I usually serve this stew with Quinoa. Not everyone regards Quinoa as Passover-appropriate. It is a seed and not a grain, but it does expand in water. Of course, Sephardic Jews eat rice on Passover anyway, so for many Jews this is not a restriction, but many Ashkenazi Jews still observe the tradition of avoiding any food that expands in water in this way that may have a grain-like appearance.
Kosher for Passover Wine Review of 2017
So, here are my 2017 reviews of the wines we tasted this year. If you local to our congregation, all of these are available, either in store or to order, from Julio's liquors. The prices below are usual prices. Our event offered a 15% discount on all of the wines.
Cantina Gabriele 2015 Pinot Grigio
100% Pinot Grigio. Regular price $12.99
This was a crisp, fruity Pinot Grigio with pleasant tones of apple, apricot and pear. A very pleasant wine that I'd be pleased with at any time of year. This is my recommendation for a white wine with fish or chicken.
La Fille du Boucher 'The Butcher's daughter' 2015 Chardonnay
100% Chardonnay. $11.99
Last year we enjoyed a lovely 2012 Bordeaux reserve from this producer. I was not personally a great fan of this Chardonnay. It had a sweetness that came through after the initial mouthful that I would not usually associate with Chardonnay and did not particularly appreciate.
Notte Italiana 2015 Prosecco
100% Glera $14.99
This was a very enjoyable Prosecco. Not too dry but not at all sweet either. It had a light pear-like fruitiness to it. A fun way to start the Seder for the first cup of wine - that's how we intend to use it at our congregation's community Seder on April 11.
Louis de Sacy NV Grand Cru Kosher Mevushal Brut
60% Pinot Noir, 35% Chardonnay, 5% Pinot Meunier. $59.99
This is priced as an independent producer Champagne. The dry, apple peel fruits were pleasant but were accompanied by a yeasty, doughy taste that was too pronounced. Perhaps part of the impact of the flash pasteurization process to make this a mevushal wine, but not to my liking. A bit like having an apple pie that wasn't cooked through, leaving raw dough in the pie crust.
Luis Felipe Edwards 'Terra Vega' 2015 'Bin no 902' Malbec
100% Malbec $7.99
I found this a very pleasant pour. However, we tasted their Carmenere last year which was a big hit among our tasters, and I'd still put that one ahead of this year's Malbec. The Carmenere is still available, also at $7.99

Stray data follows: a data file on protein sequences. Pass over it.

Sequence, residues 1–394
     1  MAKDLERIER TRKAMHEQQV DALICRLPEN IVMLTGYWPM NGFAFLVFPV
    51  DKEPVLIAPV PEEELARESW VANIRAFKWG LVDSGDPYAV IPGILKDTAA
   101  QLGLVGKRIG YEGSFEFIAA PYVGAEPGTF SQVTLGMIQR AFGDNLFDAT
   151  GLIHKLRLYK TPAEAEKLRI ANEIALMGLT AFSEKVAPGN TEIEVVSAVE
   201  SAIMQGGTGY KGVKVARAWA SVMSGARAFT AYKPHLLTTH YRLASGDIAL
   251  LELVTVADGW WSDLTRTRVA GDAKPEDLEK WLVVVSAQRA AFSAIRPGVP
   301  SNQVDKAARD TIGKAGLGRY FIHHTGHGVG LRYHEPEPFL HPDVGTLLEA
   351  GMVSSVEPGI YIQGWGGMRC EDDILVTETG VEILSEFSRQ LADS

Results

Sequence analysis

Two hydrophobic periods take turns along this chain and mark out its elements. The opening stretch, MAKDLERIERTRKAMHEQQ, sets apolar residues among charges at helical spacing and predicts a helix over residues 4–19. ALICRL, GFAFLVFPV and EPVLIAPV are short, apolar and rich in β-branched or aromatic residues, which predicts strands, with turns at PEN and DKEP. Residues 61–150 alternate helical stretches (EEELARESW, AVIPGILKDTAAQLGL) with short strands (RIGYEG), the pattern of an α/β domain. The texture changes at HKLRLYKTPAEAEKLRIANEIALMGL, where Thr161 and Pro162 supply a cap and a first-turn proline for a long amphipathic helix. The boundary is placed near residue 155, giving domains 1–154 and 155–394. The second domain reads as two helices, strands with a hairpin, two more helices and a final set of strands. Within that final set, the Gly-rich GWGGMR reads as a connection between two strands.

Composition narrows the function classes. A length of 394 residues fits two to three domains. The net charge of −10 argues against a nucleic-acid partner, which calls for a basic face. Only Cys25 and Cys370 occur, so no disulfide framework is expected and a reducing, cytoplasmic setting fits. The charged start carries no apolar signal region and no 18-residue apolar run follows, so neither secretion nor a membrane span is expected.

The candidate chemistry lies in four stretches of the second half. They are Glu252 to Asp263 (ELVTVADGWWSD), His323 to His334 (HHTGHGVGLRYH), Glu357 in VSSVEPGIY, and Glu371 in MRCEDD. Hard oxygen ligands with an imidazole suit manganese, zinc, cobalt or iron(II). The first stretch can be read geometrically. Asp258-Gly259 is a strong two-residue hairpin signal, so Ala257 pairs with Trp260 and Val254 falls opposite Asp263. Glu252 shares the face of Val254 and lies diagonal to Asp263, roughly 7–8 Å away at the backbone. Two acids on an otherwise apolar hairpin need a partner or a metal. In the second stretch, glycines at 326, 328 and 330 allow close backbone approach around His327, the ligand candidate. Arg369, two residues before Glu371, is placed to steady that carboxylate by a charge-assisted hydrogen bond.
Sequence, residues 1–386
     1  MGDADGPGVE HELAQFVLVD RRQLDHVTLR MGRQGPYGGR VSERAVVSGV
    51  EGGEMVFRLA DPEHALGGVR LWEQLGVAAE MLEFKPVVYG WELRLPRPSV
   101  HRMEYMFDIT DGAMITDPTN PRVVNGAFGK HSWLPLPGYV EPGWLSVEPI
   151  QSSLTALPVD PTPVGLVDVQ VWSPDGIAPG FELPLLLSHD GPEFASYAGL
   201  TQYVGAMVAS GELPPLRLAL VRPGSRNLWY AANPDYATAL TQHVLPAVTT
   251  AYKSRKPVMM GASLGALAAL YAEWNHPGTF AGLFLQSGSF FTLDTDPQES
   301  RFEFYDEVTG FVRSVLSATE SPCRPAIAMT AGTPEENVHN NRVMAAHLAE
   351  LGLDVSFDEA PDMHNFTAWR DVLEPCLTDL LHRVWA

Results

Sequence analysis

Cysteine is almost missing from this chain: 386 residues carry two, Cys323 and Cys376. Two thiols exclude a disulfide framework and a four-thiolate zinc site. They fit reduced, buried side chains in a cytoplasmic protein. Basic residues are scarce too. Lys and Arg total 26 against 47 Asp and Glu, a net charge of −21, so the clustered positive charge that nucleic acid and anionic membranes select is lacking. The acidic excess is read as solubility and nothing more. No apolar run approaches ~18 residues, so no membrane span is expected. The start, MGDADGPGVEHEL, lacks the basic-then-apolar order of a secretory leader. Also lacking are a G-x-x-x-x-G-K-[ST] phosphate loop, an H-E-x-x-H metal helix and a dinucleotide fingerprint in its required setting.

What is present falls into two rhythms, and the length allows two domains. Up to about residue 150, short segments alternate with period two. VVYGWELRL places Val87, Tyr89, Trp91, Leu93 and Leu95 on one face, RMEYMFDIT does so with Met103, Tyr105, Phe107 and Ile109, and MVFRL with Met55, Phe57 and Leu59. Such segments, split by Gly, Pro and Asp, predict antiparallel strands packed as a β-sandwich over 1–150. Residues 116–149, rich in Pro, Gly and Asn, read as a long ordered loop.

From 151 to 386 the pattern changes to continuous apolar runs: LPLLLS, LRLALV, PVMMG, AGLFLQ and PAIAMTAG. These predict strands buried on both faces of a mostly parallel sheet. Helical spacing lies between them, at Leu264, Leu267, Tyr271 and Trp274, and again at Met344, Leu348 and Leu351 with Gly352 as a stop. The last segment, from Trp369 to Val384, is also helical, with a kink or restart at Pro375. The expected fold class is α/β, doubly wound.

O'Dwyer's Creek 2014 Limite Release Pinot Noir
100% Pinot Noir $29.99
A very pleasant New Zealand Pinot Noir. Very smooth and balanced. Not my top choice for my stew because I think it'll get a bit lost with the richer sauce and flavors of the stew, but would work well with brisket.
La Citadelle de Diamant 2014 'Caesar' Red Blend
70% Cabernet Sauvignon, 15% Merlot, 15% Shiraz. $29.99
This was my favorite red of the night. Full bodied, beautifully balanced blackcurrant and earthy tones. This was the Israeli selection of the evening and it is my pairing for the stew.
Louis Blanc 2014 Crozes-Hermitage
100% Syrah $27.99
This was also a hit with many of the tasters last Thursday. For me, personally, La Citadelle won out for the particular meal I'll be serving at my Seder, but this is a red that I would certainly enjoy for any occasion. A little softer in the mouth, with a little more plum and dark fruit jamminess than La Citadelle.
La Fille du Boucher 'The Butcher's Daughter' 2015 Muscat Premium
100% Muscat $14.99
A very lovely french muscat dessert wine. Not syrupy at all - light and floral, with honey and melon tones. My choice for a dessert offering for the 3rd or 4th cup of the night.
Cantina Gabriele 'Vino' NV Sweet Red
70% Merlot, 30% Sangiovese $9.99
This one came out last year but we brought it out again for those who might be looking for a slightly more sophisticated and less syrupy version of a Manichewitz. Far too sweet for my taste, but if that's what you'd like for your Seder, this is a nice alternative.
In addition to this year's tastings, the following wines are still available from Julio's of the wines we tasted last year. You can read last year's reviews here:
Joseph Mellot 'La Graveliere' Sancerre
100% Sauvignon Blanc $31.99
O'Dwyers Creek Sauvignon Blanc
100% single vineyard Sauvignon Blanc $16.99
Ella Valley Vineyards Estate Chardonnay
100% Chardonnay $24.99
Louis Blanc 'Vintage' Cotes du Rhone
Luis Felipe Edwards 'Terra Vega' Carmenere
100% Carmenere $7.99